From the first trailer shown last year, I assumed that combat in Ghostwire: Tokyo would be hand-to-hand combat in the vein of Namco’s classic FPS melee brawler Breakdown, but that’s not the case at all. Under the tutelage of KK, Akito usually employs spiritual channeling techniques to fend off his enemies. This means that most of the action took place at about medium range — far enough to avoid getting his eyeballs ripped out of his skull by malevolent spirits, at any rate.
Smashing away at enemies during combat whittles down their ‘outer shell’, and once sufficiently damaged, our hero can rip their ‘cores’ out, killing or banishing them instantly. If several foes are clustered together in this state, it’s possible to yank all of their cores out simultaneously. Even better, it seems like players aren’t locked into these animations while under attack.
For example, during one sequence, a number of spectral schoolgirls attacked on the grounds of a local shrine. After a brief scuffle, the player started to tear out their cores. When one of the phantasms hurled a spiritual blade at our hero, he briefly paused the killing blow and deflected the blade back. It looked awesome and seemed like it was a snappy, responsive counter performed despite Akito being in the middle of another animation.
However, not all foes will have to be engaged in head-on combat. It’s possible to sneak up behind spirits and instantly stealth kill them, which may help turn the odds in our favor before large encounters, or it may allow players to bypass ghostly hotspots completely.
The open world approach to Ghostwire: Tokyo also allows for exploration and sidequests along the way. At one point KK directed the player into a convenience store which had been taken over by an adorable cat yokai acting as a shopkeeper and offering a surprisingly large selection of items. Later on, the spirit of an old lady refused to pass on unless the player helped with a landlord problem, resulting in a purifying ceremony completed by manipulating the R3 stick to match an onscreen pattern.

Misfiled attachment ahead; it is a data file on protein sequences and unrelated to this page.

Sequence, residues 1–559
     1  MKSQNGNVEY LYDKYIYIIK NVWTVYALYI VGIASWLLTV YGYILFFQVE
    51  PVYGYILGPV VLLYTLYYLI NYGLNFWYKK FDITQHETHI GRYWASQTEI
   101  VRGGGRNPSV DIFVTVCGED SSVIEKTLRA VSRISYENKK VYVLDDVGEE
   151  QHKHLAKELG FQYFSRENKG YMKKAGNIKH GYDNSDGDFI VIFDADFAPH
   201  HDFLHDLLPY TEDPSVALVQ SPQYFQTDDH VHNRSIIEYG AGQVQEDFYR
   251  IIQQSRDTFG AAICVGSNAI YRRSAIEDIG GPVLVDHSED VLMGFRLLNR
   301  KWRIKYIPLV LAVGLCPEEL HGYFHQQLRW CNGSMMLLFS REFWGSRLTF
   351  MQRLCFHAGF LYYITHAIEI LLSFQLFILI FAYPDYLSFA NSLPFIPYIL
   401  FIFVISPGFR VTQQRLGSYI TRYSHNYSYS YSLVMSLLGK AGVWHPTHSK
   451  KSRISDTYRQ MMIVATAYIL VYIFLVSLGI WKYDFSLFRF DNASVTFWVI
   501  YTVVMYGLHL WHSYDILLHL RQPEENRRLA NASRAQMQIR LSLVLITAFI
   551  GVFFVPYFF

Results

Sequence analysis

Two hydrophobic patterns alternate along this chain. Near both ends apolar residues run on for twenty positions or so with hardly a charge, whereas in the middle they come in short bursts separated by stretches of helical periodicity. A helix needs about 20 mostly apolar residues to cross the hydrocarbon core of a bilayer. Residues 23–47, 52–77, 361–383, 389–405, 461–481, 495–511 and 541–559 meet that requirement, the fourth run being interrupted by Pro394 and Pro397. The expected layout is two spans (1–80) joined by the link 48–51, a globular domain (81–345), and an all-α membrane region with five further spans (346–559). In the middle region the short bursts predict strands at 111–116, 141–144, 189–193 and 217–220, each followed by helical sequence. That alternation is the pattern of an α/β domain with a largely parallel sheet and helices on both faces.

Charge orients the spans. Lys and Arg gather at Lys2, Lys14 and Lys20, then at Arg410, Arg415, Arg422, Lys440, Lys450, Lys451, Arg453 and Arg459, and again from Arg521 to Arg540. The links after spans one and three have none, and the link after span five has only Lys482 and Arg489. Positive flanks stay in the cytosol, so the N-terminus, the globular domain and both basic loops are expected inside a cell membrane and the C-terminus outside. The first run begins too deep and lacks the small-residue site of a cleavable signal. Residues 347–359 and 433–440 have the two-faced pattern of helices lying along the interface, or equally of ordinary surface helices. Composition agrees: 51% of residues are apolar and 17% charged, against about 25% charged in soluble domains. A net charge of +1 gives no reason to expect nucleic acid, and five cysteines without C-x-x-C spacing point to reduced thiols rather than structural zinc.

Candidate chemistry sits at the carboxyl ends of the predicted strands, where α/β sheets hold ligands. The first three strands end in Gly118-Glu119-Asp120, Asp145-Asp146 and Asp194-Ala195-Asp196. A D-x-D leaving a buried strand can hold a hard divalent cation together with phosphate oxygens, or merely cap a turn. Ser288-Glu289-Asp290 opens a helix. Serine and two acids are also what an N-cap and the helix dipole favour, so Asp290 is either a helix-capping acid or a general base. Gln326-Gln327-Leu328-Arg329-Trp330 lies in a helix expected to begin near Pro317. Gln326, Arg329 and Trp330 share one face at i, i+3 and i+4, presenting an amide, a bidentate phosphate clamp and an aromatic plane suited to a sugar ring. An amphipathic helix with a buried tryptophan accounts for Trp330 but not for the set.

Again, it’s worth mentioning just how inventive the visuals in Ghostwire are. During one setpiece, a rival operative acting in support of the enemy used barrier magic to crush a large tenement building. This led to a timed sequence where he had to hunt down various stones to dispel the barrier, and as he rushed to complete this objective, the world continually shifted around in crazy ways — objects on the floor would move onto the walls, ripples of darkness bled into the corridors, and everything twisted disconcertingly as he neared his objectives.
I usually like to mention a few things I’m not sold on during a first look to keep things balanced, but I can honestly say that I was digging everything about Ghostwire that Bethesda presented. The most disappointing thing I could mention was that indoor environments don’t load in seamlessly from the outside, instead being accompanied by a short loading screen when dipping in and out of buildings. That’s pretty much the only thing I wasn’t impressed by, and really, this is nitpicking in the extreme.
While this preview event was a just a short glimpse into Ghostwire Tokyo, I’m all-in at this point. The game has a cool-as-hell overall vibe that I’m into, and I’m absolutely down for seeing more as soon as possible. Fortunately, PlayStation 5 and PC gamers won’t have to wait too long — it’s currently scheduled for release on March 25th of this year.